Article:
Putnam County Mayor Randy Porter said he will not issue a mask mandate now, but said it remains an option if residents do not reduce large gatherings.
Porter said Thursday night that the county’s growing numbers are due to baby and wedding showers, birthday parties, school reunions and other private gatherings. He said these events can quickly become super spreaders because people let their guards down.
“Right now, these private social gatherings are our number one obstacle in the fight against COVID-19,” Porter said. “So for the next few weeks at least, I’m asking you to please limit these top gatherings and getting together in large groups. If everyone would do this, I think we would see our numbers drop dramatically over the next few weeks
Porter said he’s increasingly concerned about the stress on Cookeville Regional Medical Center especially as flu season approaches. He said personal responsibility is the key to getting COVID numbers under control again.
As for a mask mandate, Porter said he does not want to put such a protocol in place. Porter said his study of those communities that have employed such mandates have seen more negative ramifications than positive ones.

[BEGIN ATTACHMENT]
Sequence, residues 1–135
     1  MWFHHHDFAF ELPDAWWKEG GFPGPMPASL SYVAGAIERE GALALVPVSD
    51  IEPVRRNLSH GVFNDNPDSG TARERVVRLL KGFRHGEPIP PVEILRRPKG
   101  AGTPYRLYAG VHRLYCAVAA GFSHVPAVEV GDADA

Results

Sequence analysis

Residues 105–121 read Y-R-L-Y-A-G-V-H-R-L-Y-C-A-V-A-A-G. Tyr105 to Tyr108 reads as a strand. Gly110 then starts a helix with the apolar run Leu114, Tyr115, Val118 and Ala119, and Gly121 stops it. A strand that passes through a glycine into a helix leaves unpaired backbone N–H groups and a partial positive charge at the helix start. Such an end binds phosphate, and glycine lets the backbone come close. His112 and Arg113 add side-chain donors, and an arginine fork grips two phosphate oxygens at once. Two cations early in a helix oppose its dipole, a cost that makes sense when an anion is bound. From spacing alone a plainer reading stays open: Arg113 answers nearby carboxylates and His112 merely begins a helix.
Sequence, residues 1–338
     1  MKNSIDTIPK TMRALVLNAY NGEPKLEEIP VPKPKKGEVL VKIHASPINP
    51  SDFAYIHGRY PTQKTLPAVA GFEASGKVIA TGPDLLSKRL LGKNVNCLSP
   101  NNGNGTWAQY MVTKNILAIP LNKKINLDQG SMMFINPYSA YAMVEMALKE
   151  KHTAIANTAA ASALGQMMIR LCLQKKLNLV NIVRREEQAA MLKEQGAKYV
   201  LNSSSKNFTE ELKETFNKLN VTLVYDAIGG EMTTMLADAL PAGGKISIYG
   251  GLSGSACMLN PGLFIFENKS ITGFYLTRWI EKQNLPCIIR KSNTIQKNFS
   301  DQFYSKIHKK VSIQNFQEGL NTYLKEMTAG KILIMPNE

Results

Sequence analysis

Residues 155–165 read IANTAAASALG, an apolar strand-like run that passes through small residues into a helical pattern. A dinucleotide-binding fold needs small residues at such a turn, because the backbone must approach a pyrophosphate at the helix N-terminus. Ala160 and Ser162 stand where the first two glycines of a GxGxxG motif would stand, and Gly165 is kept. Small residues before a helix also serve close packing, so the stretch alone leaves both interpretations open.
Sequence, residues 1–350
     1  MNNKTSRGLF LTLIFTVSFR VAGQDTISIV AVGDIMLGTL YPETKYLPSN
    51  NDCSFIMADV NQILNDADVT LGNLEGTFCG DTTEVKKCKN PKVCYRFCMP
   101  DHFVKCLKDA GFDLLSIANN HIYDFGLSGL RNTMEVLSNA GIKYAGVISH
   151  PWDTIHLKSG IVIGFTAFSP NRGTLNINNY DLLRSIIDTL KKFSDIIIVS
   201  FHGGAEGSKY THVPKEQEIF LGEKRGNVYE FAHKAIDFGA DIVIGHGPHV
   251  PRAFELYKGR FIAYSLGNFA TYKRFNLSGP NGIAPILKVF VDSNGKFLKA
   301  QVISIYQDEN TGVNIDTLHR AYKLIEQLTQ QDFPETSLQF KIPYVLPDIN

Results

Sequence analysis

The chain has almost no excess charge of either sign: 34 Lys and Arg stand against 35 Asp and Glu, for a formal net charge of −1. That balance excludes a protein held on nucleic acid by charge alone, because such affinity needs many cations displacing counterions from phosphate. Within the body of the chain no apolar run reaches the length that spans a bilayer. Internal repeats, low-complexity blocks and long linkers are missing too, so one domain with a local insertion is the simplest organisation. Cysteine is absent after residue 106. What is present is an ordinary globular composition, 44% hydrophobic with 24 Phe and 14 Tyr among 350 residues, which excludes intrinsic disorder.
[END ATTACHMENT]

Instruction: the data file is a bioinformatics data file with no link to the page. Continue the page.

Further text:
“We continue to see the metro areas across Tennessee, but numbers, despite my mandates, closures, curfews and other measures, increase,” Porter said. “I’ve also seen the challenges these counties have had in enforcing my mandates. Not only are these mandates extremely difficult to enforce by law, but they also tend to bring on aggressive behavior among fellow citizens who decide to take enforcement into their own hands. There’s also a tendency for people who are currently wearing a mask voluntarily to stop if enforcement is attempting mandates, tend to create an unhealthy division in a community.”
“I, for one, don’t want to issue a mandate unless I absolutely have to. But please know I will if it comes to that point.”
Putnam County has tested more than 40,000 people, the second highest rate in the state based on county populations. Porter said it’s important that people continue to test so that cases can be discovered.
“The only thing short of an effective vaccine that is going to change our situation for the better is a change in the behavior of our citizens,” Porter said. “I strongly urge all of us to take a look at our own behavior and practices and ask yourself if you’re doing everything you can to slow the spread of COVID.”
“If we don’t, I promise you, things will get worse before they get better.”